World number one Martin Kaymer continued his miserable Masters run with an opening six-over-par round of 78 at Augusta.
The German has failed to make the cut on his previous three appearances at the first major of the season and that run looks set to be extended this year.
"There's some golf courses that suit you and some just don't," he said.
Ireland's Padraig Harrington, who hit a 77, revealed he considered pulling out with a neck injury before teeing off.
The three-time major winner said: "I haven't even come close to swinging the club. I wanted to pull out, but I wouldn't - that's just my nature.
"It wasn't much fun. I always have to be wary - I was swinging the left-handed shot, just warming up and it just kind of clicked."
However, while Harrington's five-over-par 77 equalled his worst score at Augusta, for Kaymer, the 78 represented a new low.
He was already three over when he birdied eight, but a double bogey on the 10th and three more dropped shots on the 14th, 17th and 18th wrecked his card.
"Every day that I played here was a tough day so far - maybe one day it will work out," he added.
"Obviously it's frustrating if you never play well. I think that maybe I've got to sit down with [fellow German] Bernhard Langer later and ask him. He won here twice."
Reigning US Open champion Graeme McDowell also struggled, dropping four shots in the final four holes to finish on two over par.
He reached the turn at one under par but he three-putted four times in six holes on the back nine as a double-bogey six on the par-four 10th and a bogey on the 14th dropped him back to two over par.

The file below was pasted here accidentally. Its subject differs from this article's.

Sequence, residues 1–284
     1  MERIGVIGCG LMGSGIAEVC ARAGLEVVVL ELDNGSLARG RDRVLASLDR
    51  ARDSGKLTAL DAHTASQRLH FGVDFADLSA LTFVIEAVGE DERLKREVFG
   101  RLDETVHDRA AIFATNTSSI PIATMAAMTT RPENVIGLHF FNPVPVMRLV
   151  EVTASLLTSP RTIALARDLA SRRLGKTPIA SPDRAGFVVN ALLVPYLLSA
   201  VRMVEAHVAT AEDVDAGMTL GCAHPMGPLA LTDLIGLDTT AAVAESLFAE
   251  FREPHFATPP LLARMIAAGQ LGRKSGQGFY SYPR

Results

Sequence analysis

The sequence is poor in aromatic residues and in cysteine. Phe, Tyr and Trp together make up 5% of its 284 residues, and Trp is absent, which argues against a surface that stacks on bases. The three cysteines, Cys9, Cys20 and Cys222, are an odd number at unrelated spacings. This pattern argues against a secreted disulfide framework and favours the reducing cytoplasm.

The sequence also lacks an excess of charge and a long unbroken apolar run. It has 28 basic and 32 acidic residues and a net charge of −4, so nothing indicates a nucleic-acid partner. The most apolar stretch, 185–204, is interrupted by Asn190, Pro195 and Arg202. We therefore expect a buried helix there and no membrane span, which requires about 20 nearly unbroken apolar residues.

"It's a little frustrating because I did everything right," said the Northern Irishman.
"I put the ball in positions, I just couldn't quite get it going on the greens. I just can't afford any mediocre rounds from here on in.
"I've got three rounds ahead of me and I've just got to shoot in the 60s all three times to have a chance."
England's Ian Poulter played a solid front nine, picking up shots on the third and sixth to reach the turn at two under par, however he dropped four shots in the final four holes, including a double bogey on the last, to finish two over par.
It was not all doom and gloom for the European golfers with Northern Ireland's Rory McIlroy and Alvaro Quiros of Spain leading the way on seven under par.
Ross Fisher took advantage of the benign conditions early on to post a three-under-par 69 to end the day as the leading Englishman.
The 30-year-old went out in the first group and although he bogeyed two of his first four holes, he bounced back well.
"I felt like I played nicely," he said. "I holed some real good putts. Anytime you can make five birdies on the front nine is very pleasing.
"I was just trying to take some momentum into the back nine. I holed a monster on 11, I made a great save on 12 out of the front trap but I wanted to birdie the par fives and unfortunately I didn't do that.
"It was a shame to drop one on 17 but overall I'm pleased with 69."
Fisher was joined by Sergio Garcia on three under par. The Spaniard raced to three under par after five holes but dropped back with bogeys on six and 12 before a superb eagle on the par-five 13th and a follow-up birdie on 14 brought him within three of Rory McIlroy's lead.
Paul Casey fared better on the closing holes, reeling off three birdies on 15, 16 and 17 to move to two under par, although he did not find the going easy.
"I lacked confidence," he stated. "I struggled, especially off the tee. I found most of the trees out there.
"You had to be patient, but you also had to do something because seven-under from Rory is a spectacular score. You can't win it on a Thursday but you can certainly shoot yourself in the foot."